June 17, 2020 — “Normal” is a word I hear often these days. It carries with it the allure, of well, normal. I sense that it is often used with good intention. A longing for stability and certainty about the world and our place in it. And as a leader and teacher I think there is a good reason to express a certain degree of skepticism about its meaning. Especially in the current context of a global pandemic, world-wide economic decline, and the calls for justice by Black, Brown, and Indigenous peoples. A return to “normal” feels to me inadequate for the deep work that I need to do and that the institutions that I’m part of and love also need to do. In my head I hear the lyrics to a Bruce Cockburn song: “the trouble with normal is it always gets worse.” And by worse he means the divide between the haves and have nots, the rich and poor, and the empowered and disempowered. His song from 1983 is a prophetic warning to question normal as an operating principle, then and now.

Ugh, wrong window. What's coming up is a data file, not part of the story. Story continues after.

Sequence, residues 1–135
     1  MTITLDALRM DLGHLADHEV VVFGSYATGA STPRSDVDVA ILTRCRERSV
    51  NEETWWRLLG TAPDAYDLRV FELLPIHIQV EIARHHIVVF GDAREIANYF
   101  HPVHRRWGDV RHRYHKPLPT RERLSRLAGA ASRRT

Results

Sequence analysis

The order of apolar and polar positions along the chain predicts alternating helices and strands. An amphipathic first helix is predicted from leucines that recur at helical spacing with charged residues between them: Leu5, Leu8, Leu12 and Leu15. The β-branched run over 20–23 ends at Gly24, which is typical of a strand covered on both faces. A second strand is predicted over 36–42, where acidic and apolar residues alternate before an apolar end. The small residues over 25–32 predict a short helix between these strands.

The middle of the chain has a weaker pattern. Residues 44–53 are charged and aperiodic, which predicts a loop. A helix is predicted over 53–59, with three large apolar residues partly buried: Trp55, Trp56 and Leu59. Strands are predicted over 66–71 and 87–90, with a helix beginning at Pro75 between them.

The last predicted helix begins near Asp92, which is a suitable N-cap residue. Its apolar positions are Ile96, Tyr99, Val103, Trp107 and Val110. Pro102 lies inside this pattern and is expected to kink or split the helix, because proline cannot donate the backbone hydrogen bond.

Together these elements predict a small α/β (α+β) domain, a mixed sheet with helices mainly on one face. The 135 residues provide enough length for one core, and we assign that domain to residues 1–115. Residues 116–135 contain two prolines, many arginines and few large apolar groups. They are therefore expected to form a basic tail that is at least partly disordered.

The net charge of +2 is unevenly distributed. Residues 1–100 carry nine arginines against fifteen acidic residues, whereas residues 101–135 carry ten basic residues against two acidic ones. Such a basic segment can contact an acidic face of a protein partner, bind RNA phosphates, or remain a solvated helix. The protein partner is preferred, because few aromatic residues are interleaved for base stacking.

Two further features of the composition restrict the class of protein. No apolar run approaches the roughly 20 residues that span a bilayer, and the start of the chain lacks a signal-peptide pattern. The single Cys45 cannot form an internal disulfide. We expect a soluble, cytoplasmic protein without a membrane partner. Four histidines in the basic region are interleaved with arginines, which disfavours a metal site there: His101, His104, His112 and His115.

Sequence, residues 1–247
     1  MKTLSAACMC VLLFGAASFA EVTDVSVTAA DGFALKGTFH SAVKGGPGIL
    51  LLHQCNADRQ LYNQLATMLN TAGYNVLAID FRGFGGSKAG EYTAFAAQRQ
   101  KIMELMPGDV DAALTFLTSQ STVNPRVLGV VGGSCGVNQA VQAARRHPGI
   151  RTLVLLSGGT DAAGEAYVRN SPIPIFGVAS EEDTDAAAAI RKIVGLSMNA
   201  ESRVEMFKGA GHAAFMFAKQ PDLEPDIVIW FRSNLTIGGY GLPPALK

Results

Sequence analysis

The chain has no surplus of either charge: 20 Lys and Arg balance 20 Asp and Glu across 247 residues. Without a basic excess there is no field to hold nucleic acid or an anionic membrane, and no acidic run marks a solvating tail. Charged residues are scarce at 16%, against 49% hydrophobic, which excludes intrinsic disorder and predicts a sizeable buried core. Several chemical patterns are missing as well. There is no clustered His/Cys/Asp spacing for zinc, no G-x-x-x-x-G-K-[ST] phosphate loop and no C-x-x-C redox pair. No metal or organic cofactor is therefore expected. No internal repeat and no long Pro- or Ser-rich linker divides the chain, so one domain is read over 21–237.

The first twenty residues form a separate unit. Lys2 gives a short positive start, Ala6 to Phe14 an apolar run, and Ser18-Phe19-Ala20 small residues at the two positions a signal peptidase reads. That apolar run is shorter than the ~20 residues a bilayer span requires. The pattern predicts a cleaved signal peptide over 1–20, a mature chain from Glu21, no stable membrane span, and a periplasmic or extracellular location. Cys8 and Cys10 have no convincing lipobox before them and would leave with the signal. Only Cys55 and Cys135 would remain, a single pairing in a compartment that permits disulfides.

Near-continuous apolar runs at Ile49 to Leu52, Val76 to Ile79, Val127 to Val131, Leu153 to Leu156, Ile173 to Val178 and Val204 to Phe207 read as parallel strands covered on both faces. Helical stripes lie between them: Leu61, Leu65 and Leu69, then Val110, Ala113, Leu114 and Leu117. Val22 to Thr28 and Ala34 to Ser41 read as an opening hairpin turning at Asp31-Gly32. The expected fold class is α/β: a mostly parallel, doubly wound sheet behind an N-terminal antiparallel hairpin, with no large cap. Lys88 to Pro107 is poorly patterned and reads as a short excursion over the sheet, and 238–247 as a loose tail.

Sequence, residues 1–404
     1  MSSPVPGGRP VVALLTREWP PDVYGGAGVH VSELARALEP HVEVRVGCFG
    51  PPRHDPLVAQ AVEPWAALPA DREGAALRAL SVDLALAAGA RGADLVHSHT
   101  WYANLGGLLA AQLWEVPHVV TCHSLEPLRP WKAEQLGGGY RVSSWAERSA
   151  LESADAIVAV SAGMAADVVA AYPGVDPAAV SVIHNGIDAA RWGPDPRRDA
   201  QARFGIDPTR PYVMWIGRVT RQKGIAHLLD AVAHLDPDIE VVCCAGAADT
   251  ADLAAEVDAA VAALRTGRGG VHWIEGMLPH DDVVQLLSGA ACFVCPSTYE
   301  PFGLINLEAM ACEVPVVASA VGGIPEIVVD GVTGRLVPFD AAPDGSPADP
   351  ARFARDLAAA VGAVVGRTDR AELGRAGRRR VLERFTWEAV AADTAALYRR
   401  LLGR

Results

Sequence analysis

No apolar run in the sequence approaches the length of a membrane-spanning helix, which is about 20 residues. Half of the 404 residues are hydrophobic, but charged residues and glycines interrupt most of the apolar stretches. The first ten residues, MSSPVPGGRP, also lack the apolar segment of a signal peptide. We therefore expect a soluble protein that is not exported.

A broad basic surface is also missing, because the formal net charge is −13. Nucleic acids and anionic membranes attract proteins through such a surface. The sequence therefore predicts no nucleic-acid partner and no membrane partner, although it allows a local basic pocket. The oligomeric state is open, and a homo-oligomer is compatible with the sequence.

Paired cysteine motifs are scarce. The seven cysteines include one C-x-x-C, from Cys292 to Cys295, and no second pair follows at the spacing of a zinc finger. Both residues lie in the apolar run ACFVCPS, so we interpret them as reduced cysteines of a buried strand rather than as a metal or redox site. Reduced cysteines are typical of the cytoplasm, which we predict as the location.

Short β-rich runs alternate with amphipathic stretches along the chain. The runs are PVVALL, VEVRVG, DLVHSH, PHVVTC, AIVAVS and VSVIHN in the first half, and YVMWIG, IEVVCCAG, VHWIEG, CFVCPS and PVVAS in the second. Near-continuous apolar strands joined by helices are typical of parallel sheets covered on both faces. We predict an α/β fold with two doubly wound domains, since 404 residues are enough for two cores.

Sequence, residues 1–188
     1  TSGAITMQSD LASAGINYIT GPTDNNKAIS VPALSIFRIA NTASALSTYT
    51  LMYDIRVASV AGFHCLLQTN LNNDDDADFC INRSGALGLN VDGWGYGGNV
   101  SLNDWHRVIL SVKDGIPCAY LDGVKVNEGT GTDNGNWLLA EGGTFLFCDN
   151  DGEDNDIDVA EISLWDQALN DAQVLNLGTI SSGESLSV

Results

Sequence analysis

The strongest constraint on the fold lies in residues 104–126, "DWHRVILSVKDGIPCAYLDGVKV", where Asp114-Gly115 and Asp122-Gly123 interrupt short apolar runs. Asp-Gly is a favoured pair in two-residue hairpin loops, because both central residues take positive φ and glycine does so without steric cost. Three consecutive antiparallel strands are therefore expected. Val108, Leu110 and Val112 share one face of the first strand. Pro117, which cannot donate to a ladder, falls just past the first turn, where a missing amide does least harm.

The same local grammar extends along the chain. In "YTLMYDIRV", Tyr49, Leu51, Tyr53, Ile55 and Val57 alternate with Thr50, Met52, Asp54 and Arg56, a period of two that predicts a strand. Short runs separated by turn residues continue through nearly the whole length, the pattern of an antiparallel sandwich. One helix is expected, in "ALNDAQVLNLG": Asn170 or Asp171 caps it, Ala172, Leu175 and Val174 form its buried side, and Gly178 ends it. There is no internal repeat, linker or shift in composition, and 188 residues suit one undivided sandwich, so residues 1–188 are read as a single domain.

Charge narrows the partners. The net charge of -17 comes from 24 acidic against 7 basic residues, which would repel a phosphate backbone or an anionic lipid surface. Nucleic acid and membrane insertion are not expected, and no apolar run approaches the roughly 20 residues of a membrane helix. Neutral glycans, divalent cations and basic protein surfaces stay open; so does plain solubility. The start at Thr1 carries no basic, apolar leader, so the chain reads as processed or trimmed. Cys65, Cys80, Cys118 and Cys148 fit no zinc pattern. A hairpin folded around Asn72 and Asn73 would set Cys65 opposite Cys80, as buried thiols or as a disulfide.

This moment, now, compels me as educator and leader to address the realities of structural racism in every institution, especially schools, that support and perpetuate the pandemic of whiteness as normal. I don’t know how you are doing with this moment. Perhaps you carry sadness with you or fear. Rapid change and loss may well have brought weariness, bone weariness and a sense that you don’t know how to keep moving forward. Or even what forward looks like right now. You may be welcoming the change that is sweeping the world and the possibility found in chaos. You might sense that disruption is clearing away old habits and offering new ways to grow and heal. Regardless, I invite you to be fully present to your emotions. To feel them in your body. To know that they are real and contain the energy of transformation for self, others, and the field of education.